Petals are also edible,[4] as are the leaves, which if picked in spring when still young are tender enough to be used in salads.[5]

Notable trees

An ancient specimen, and reputedly the oldest tree of any species in France, is to be found alongside the church at Saint Mars sur la Futaie, Mayenne [1]. The tree has a height of 9 m, and a girth of 2.65 m (2009). The inscription on the plaque beneath reads: "This hawthorn is without doubt the oldest tree of France. Its origin goes back to St Julien (3rd century)", but such claims are impossible to verify.

A famous specimen in England, the Glastonbury Thorn, was noteworthy because it flowered twice in a year, once in the late spring which is normal, but also once after the harshness of midwinter has passed. The original specimen at Glastonbury Abbey, now long dead, has been propagated as the cultivar 'Biflora'.[6]

The oldest known living specimen in East Anglia, and possibly in the United Kingdom, is known as "The Hethel Old Thorn",[7] and is located in the churchyard in the small village of Hethel, south of Norwich, in Norfolk. It is reputed to be more than 700 years old, having been planted in the 13th century.[7]

See also

References

  1. ^ Christensen, K.I. (1992). Revision of Crataegus sect. Crataegus and nothosect. Crataeguineae (Rosaceae-Maloideae) in the Old World. Systematic Botany Monographs. 35: 1–199.
  2. ^ Oztürk N, Tunçel M.,"Assessment of Phenolic Acid Content and In Vitro Antiradical Characteristics of Hawthorn." J Med Food. 2011 May 9;
  3. ^ http://www.scoutbase.org.uk/library/hqdocs/facts/pdfs/fs315001.pdf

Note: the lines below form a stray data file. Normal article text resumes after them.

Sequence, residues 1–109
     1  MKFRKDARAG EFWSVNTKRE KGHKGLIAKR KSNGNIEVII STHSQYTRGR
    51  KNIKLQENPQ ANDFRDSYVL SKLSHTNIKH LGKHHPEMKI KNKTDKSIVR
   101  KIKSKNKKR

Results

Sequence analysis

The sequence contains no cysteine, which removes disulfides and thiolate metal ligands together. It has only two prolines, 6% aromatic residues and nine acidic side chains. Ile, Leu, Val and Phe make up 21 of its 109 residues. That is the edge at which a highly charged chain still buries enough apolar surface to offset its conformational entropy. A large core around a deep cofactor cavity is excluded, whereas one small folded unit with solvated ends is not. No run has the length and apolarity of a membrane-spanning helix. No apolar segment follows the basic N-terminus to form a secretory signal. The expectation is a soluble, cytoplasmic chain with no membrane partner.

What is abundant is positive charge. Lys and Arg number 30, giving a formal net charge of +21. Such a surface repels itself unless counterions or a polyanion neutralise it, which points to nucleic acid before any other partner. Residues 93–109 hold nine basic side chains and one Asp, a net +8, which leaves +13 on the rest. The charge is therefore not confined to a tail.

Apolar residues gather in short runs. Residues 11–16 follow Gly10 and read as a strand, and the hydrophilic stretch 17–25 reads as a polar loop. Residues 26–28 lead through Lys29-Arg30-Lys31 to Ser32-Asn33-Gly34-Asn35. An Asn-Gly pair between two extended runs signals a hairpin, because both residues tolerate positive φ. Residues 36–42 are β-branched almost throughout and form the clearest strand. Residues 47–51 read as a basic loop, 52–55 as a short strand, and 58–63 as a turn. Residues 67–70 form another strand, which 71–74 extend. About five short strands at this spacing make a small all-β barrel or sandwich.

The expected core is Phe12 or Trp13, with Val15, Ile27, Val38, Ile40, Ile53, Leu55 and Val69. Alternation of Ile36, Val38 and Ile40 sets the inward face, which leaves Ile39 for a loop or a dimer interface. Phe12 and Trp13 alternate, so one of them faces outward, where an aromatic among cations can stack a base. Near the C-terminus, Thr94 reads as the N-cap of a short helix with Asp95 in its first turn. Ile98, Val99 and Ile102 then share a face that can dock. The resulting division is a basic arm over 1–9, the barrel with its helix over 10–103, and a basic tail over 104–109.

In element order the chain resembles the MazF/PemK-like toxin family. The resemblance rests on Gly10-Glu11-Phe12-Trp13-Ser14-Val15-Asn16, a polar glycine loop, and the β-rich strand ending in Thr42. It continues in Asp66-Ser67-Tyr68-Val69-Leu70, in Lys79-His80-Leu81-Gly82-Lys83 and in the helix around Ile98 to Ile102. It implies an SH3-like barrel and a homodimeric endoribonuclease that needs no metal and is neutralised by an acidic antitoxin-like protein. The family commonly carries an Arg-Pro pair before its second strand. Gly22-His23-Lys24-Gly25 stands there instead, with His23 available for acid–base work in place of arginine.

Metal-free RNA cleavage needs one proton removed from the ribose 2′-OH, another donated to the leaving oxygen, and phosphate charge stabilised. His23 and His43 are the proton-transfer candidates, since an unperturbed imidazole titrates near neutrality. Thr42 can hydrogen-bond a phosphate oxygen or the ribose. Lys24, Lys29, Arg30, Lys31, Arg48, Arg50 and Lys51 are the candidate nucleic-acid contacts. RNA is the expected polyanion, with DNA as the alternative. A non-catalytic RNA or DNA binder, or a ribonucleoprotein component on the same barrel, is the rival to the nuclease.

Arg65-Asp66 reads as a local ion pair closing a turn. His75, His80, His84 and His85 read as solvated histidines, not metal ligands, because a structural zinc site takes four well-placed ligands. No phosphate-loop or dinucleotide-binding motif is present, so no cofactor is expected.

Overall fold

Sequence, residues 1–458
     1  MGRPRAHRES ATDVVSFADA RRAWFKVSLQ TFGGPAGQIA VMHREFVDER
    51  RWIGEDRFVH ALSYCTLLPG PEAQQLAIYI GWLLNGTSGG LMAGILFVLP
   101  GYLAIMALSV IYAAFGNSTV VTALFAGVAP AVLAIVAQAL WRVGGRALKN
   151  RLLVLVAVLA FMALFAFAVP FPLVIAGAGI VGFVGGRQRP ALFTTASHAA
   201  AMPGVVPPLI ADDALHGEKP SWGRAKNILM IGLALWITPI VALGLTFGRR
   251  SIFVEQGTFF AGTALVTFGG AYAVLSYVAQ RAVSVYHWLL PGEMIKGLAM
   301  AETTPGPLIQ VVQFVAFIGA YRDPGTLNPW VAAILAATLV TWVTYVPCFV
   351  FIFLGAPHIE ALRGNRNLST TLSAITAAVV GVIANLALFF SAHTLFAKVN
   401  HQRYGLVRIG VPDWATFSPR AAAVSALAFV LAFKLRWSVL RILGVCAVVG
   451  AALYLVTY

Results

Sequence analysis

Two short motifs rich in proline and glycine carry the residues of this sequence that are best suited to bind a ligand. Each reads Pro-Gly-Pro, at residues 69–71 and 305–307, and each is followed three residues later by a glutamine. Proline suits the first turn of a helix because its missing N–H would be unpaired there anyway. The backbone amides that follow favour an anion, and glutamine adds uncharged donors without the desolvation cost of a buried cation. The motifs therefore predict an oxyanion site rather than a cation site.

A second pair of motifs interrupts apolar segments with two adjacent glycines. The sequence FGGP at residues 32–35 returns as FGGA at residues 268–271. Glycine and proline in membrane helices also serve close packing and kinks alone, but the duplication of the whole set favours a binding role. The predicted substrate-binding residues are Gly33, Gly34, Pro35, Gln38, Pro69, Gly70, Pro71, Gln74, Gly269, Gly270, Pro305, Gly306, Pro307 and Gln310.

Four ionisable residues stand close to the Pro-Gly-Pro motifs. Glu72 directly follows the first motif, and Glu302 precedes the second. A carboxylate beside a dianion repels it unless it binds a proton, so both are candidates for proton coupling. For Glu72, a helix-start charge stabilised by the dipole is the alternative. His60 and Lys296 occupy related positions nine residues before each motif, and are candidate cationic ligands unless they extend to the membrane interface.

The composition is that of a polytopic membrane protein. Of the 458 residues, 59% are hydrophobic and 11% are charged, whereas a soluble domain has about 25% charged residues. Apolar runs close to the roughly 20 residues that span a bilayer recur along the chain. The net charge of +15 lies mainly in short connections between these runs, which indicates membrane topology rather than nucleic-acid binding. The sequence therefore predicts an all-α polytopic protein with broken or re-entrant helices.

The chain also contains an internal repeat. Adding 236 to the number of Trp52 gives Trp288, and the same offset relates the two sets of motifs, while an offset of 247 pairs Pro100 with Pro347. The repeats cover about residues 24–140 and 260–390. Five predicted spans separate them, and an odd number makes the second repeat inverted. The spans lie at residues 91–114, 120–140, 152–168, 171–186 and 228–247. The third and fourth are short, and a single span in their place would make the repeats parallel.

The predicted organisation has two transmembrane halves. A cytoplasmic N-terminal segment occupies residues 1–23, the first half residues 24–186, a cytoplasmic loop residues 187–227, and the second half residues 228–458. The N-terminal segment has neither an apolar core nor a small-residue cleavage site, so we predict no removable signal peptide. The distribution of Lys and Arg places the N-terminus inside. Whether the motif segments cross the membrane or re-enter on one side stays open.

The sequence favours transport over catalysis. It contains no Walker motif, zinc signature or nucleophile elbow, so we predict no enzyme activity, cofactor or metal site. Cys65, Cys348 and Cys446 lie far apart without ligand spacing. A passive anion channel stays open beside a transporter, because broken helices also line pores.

4. ^ "Crataegus monogyna". Survival and Self Sufficiency. http://www.survival.org.au/bf_crataegus_monogyna.php. Retrieved 9 September 2011. 
  5. ^ Richard Mabey, Food for Free, Collins, October 2001.
  6. ^ Phipps, J.B.; O’Kennon, R.J.; Lance, R.W. 2003. Hawthorns and medlars. Royal Horticultural Society, Cambridge, U.K.
  7. ^ a b "Hethel Old Thorn" from The Wildlife Trusts, UK. Accessed 18 February, 2007
  • Philips, R. (1979). Trees of North America and Europe, Random House, Inc., New York. ISBN 0-394-50259-0.

External links


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См. также в других словарях:

  • Crataegus monogyna — Para otros usos del nombre común «espino», véase espino (desambiguación).   Majuelo …   Wikipedia Español

  • Crataegus monogyna — Épine blanche Crataegus monogyna …   Wikipédia en Français

  • Crataegus monogyna — Crataegus monogyna …   Wikipédia en Français

  • Crataegus monogyna — Eingriffeliger Weißdorn Eingriffeliger Weißdorn (Crataegus monogyna) Systematik Familie: Rosengewächse (Rosaceae) …   Deutsch Wikipedia

  • Crataegus monogyna — vienapiestė gudobelė statusas T sritis vardynas apibrėžtis Erškėtinių šeimos dekoratyvinis, vaistinis, medingas nuodingas augalas (Crataegus monogyna), paplitęs šiaurės Afrikoje, pietvakarių Azijoje ir Europoje. atitikmenys: lot. Crataegus… …   Lithuanian dictionary (lietuvių žodynas)

  • Crataegus monogyna — ID 22425 Symbol Key CRMO3 Common Name oneseed hawthorn Family Rosaceae Category Dicot Division Magnoliophyta US Nativity Introduced to U.S. US/NA Plant Yes State Distribution AK, AR, CA, CT, DC, DE, IL, KY, MA, ME, MI, MT, NH, NJ, NY, OH, OR, PA …   USDA Plant Characteristics

  • Crataegus monogyna — noun European hawthorn having deeply cleft leaves and bright red fruits; widely cultivated in many varieties and often grown as impenetrable hedges; established as an escape in eastern North America • Syn: ↑English hawthorn • Hypernyms: ↑hawthorn …   Useful english dictionary

  • Crataegus monogyna — Eengriflet tjørn …   Danske encyklopædi

  • Crataegus monogyna Jacq. — Symbol CRMO3 Common Name oneseed hawthorn Botanical Family Rosaceae …   Scientific plant list

  • Crataegus monogyna Jacq. var. rosea (Willd.) K. Koch — Symbol CRME14 Synonym Symbol CRMOR3 Botanical Family Rosaceae …   Scientific plant list